The guard board and draw table are adapted to allow web 10 to be drawn freely over them as illustrated with a shallow loop such as that indicated at 31 or 32 drawn into channel by means of suction at a pressure a little below atmospheric applied in any known way, as for example, by means of an exhaust fan at each end of the box having its intake in communication with channel 30 near the end stops; one of these fans is illustrated at 33. The end stops are located under the web at the edges thereof so as to minimize the amount of air drawn in the channel at the ends of the loop. Curved surfaces 29 and 26 -guide the web into and out of the loop, maintaining it in the proper relation to the stops.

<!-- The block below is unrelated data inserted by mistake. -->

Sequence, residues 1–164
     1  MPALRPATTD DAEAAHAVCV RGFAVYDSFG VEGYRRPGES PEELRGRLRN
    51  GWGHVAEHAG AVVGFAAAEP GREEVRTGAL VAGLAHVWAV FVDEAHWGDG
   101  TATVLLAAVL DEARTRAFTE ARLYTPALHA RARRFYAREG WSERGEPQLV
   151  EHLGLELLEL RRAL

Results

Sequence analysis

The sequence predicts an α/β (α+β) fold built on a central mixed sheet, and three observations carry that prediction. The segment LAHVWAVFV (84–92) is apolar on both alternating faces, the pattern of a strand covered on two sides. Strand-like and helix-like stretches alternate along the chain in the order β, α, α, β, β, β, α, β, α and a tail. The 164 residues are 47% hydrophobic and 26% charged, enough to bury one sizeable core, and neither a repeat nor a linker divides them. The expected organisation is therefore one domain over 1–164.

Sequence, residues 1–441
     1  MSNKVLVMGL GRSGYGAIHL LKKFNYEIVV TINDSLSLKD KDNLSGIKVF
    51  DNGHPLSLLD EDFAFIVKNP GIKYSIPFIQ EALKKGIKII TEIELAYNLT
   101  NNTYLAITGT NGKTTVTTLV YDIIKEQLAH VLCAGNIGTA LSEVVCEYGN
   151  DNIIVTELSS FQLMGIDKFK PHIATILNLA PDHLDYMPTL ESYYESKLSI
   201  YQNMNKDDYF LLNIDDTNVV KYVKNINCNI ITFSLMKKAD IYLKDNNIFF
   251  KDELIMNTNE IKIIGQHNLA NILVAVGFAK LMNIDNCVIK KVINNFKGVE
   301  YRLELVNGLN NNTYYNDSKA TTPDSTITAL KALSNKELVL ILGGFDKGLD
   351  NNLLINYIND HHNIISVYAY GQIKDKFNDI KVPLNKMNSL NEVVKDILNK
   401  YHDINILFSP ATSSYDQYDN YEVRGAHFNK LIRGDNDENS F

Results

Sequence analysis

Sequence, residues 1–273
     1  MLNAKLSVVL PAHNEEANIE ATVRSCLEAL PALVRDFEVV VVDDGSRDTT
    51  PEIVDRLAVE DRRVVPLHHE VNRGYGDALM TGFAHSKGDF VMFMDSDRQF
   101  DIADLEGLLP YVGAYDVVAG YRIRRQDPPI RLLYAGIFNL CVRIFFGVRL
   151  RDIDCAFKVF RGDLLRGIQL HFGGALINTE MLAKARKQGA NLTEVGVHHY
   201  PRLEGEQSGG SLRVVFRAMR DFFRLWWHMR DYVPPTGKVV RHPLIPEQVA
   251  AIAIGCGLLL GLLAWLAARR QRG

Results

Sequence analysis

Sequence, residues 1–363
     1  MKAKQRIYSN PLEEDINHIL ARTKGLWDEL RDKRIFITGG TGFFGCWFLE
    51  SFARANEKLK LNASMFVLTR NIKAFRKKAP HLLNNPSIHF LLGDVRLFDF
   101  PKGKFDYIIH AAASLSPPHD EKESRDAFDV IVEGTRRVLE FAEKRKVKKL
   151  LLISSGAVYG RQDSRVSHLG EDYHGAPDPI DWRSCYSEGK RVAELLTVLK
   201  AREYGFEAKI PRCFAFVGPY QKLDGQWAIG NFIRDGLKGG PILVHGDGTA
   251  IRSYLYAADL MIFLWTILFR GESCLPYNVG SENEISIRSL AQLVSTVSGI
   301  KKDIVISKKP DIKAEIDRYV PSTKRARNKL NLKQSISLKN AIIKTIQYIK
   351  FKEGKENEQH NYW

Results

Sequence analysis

For any given pressure of the suction in the channel, the curvature of the loop, i.e., radius of curvature or depth of the loop, is an indication of the tension in the web; hence, by holding the pressure reasonably constant a signal representing the tension in the web can be obtained. Fans 33 are a type which can be set to maintain a relatively constant air pressure in the channel a little below atmospheric even though the amount of air exhausted varies considerably. In the system illustrated in FIGURE l, a beam of light 34 from lamps 35 is directed onto the under surface of the loop at an acute angle thereto. Some of this light is refiected as indicated at 36 down onto a light responsive device 37 located below the reflecting surface; the amount of light reflected will depend on the depth of the loop, the deeper the loop the less light falling on device 37. Lamps are enclosed in an opaque box 38 supported on base plate 22 and having a transparent window 39 in its top side for light 34 to pass through from the lamps to the under surface of the loop. Device 37 is enclosed in an opaque box 40 resting on top of box 38 offset from window 39 and has a transparent window 41 in its top side for admitting the light 36 reflected from the under surface of the loop. In order to utilize a maximum of reiiected light 36 for activating device 37, the inside surfaces of box 4f) will be reliecting surfaces, and window 41 will be a clear glass window sloping in the general direction of the loop. Device 37 may consist of a number of solar cells which generate electrical signal energy proportional to the lighting level in the enclosure. The cells are connected in such a way that the signal energy is divided in a set proportion between the amplier and the meter. For example, a number of cells may be placed in a row transverse to the web with every other one of the cells connected in parallel and to meter 2f) via line 19, and the remaining cells connected in series and to amplifier 16 via line 15. As the signal level from the cells is very low and readily affected by outside interference, shielded conductors are used at 15 and 19. In some cases, it may be necessary to insulate enclosure 40 from enclosure 38 so that the cells are not overheated by the lamps. The assembly of lamps and cells is supported on base plate 22 transversely of and in the middle of the web.